tank inline with tankless water heater

jozzyApril 15, 2011

Hello -

I currently have an electric tankless water heater. I went with electric as we also have solar power on our house making electric free most months of the year :) House is in NJ and there are 2 adults and 1 newborn. We strictly use low flow water faucets/shower. 1.5 baths.

Here is the issue... Our family recently expanded (the newborn :). The electric tankless is not able to keep up with the GPM in the winter months - especially now that we have a lot more visitors.

So, I have a few options: get a gas tankless, gas tank, or a combo of tankless and tank - would that work?

Here is my thought process, please correct any bad logic... Rather than scrap my electric tankless, I'd like to still use it to do most of the water heating. The path would be cold water --> tankless (heat up to 90 degrees or so) --> gas tank water heater (probably a 40 gallon, heats from 90 to our desired 115 degrees or so). My thinking is that we will still take advantage of the "free" energy to heat most of the water, the tank will then help us cope with the additional GPM by keeping the rise of the water more reasonable for the tankless. There will be the added benefit of no hot water lag.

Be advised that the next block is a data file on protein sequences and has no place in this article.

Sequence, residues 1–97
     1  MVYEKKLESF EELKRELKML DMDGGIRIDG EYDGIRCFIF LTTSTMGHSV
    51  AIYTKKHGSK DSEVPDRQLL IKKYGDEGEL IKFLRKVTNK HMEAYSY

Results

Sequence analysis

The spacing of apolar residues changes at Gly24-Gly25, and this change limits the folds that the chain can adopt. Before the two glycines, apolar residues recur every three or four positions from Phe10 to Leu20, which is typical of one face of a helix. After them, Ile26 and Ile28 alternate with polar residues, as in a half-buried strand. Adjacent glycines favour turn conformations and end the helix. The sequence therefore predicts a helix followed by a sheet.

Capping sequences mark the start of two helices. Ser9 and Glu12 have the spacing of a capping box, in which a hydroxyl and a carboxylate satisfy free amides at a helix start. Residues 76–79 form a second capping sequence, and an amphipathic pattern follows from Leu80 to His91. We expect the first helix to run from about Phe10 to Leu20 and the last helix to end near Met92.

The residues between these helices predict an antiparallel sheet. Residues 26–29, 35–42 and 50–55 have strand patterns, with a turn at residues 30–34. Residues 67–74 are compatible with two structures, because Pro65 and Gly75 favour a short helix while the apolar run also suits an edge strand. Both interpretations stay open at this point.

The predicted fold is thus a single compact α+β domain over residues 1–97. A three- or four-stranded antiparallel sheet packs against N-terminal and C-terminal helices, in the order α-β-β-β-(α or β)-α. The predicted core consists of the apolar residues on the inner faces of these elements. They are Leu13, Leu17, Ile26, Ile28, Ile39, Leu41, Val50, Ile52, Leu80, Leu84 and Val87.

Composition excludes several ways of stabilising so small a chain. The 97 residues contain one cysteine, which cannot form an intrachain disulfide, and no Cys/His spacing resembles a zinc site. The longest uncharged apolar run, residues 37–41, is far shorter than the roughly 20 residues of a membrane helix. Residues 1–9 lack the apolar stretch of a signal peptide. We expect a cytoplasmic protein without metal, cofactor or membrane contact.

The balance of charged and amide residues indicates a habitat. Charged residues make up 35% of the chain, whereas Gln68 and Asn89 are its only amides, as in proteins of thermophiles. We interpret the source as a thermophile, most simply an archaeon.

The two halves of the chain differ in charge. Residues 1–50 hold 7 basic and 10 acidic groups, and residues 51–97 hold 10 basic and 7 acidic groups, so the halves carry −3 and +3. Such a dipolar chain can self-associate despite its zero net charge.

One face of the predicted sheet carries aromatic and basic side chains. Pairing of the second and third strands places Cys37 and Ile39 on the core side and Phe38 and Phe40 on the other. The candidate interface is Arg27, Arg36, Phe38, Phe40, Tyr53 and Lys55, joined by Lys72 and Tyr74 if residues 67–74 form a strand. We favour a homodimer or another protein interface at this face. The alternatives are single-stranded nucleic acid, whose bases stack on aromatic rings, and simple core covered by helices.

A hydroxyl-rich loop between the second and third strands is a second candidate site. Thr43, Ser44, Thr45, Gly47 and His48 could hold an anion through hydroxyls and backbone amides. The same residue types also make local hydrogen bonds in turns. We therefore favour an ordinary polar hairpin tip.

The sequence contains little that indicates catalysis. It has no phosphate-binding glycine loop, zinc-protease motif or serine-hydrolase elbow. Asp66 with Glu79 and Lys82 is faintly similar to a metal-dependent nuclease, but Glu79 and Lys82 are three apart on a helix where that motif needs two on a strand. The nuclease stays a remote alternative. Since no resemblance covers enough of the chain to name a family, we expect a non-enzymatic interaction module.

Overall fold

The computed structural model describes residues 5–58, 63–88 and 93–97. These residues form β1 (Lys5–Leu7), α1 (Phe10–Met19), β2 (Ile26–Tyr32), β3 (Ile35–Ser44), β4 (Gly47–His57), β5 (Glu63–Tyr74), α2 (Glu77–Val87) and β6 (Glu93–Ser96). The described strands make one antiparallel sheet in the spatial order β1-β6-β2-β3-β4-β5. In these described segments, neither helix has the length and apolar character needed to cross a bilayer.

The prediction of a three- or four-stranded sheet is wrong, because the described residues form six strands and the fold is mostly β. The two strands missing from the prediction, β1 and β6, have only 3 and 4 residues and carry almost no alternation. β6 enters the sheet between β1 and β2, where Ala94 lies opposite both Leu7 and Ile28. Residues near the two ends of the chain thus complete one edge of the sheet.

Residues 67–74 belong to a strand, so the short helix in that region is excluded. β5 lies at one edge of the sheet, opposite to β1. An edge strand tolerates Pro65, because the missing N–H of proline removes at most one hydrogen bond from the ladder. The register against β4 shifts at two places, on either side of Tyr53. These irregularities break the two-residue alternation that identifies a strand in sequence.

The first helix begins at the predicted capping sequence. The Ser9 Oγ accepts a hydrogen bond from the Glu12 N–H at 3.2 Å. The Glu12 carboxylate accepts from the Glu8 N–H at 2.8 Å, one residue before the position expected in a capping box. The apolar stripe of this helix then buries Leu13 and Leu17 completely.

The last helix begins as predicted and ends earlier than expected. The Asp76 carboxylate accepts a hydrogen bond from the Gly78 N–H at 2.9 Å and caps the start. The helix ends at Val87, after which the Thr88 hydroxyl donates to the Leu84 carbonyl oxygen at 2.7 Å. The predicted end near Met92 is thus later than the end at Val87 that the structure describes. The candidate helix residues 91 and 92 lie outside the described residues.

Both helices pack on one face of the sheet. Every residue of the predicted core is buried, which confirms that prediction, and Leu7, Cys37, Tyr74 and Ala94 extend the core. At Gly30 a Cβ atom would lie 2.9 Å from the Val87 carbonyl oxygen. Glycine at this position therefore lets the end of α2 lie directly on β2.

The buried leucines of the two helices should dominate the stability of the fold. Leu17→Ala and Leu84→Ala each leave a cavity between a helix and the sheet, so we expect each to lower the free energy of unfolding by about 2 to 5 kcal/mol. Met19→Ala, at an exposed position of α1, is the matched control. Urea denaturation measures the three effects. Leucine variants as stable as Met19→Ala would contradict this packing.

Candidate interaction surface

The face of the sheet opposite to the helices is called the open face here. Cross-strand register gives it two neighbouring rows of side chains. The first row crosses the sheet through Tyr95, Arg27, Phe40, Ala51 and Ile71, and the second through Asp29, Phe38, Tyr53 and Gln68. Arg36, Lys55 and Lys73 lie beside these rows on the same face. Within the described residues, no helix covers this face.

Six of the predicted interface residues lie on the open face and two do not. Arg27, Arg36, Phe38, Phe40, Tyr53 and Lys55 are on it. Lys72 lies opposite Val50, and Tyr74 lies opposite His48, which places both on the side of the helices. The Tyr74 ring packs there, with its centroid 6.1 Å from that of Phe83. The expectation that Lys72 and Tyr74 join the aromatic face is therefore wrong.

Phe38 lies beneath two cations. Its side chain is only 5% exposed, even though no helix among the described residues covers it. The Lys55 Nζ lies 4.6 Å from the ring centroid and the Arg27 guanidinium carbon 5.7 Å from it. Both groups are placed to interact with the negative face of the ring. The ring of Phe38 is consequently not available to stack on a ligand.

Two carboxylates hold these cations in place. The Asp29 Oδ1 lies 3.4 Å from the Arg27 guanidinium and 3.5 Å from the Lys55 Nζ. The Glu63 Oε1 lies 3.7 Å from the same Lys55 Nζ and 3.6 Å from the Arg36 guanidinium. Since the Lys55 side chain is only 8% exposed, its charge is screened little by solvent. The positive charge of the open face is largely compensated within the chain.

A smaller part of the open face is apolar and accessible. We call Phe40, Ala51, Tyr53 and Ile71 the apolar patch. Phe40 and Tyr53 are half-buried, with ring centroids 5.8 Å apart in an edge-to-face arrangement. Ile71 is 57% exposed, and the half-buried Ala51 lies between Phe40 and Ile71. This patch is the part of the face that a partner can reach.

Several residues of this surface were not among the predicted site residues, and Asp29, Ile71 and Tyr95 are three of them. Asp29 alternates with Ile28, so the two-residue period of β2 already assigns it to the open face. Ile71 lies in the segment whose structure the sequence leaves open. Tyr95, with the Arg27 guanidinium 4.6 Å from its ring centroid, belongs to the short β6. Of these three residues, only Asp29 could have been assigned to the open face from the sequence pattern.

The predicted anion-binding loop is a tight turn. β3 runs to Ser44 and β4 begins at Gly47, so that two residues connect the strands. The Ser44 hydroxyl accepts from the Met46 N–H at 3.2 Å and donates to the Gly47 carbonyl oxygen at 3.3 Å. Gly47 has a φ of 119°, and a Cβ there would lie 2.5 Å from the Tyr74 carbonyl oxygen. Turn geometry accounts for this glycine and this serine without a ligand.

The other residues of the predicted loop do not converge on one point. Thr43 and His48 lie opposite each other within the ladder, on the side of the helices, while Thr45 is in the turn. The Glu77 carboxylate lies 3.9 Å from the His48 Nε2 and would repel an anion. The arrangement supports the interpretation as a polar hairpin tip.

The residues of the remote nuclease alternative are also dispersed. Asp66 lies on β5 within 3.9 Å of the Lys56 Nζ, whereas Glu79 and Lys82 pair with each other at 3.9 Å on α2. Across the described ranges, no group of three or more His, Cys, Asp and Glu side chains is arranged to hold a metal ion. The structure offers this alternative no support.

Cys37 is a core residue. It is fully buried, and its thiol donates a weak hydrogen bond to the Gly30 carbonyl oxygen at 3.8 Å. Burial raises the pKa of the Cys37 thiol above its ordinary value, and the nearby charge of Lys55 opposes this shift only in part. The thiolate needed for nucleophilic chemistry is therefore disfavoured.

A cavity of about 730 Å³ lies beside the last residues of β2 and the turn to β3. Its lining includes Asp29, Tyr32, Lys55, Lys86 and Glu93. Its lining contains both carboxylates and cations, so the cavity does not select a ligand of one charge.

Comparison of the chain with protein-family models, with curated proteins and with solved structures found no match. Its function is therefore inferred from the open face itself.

Will this work and be efficient? My goal is to limit the amount of gas used as much as possible while preserving our initial investment. Will a tank water heater be OK with inlet temperature of 90 degrees? Will this have a noticeable energy savings over just a tank style heater?

Thanks for your insight.

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I am in the process of researching electric tankless water heaters for our remodel as I want the space our traditional tank heater requires. I stumbled across your post looking for people posting their research on which size electric they have. The tankless sites have spreadsheet style charts showing gpm flow plus temperature rise.

You may have a third option of installing a new electric tankless that will produce a greater temperature rise at your greatest demand (gpm). However the electric heaters have huge energy demands when they turn on so you may not have enough capacity in your electrical panel to upgrade.

the ones I am debating between for our two adult one bathroom home are either the 96 amp size or the 120 amp size. For the same situation you have-solar preheat most of the time but during our California winter storms we can be 7-10 days with no solar to speak of and then the water passing through the solar storage tank is not much warmer than it is coming out of the ground, maybe 50 degrees.

I assume you are being reasonably careful about not doing two hot water demand things at once? It is easy for our household to not shower and do dishes/laundry, for example. But with a baby & visitors maybe coordinating running the dishwasher/washing machine when you also need hot water to bathe baby or yourselves gets too complicated?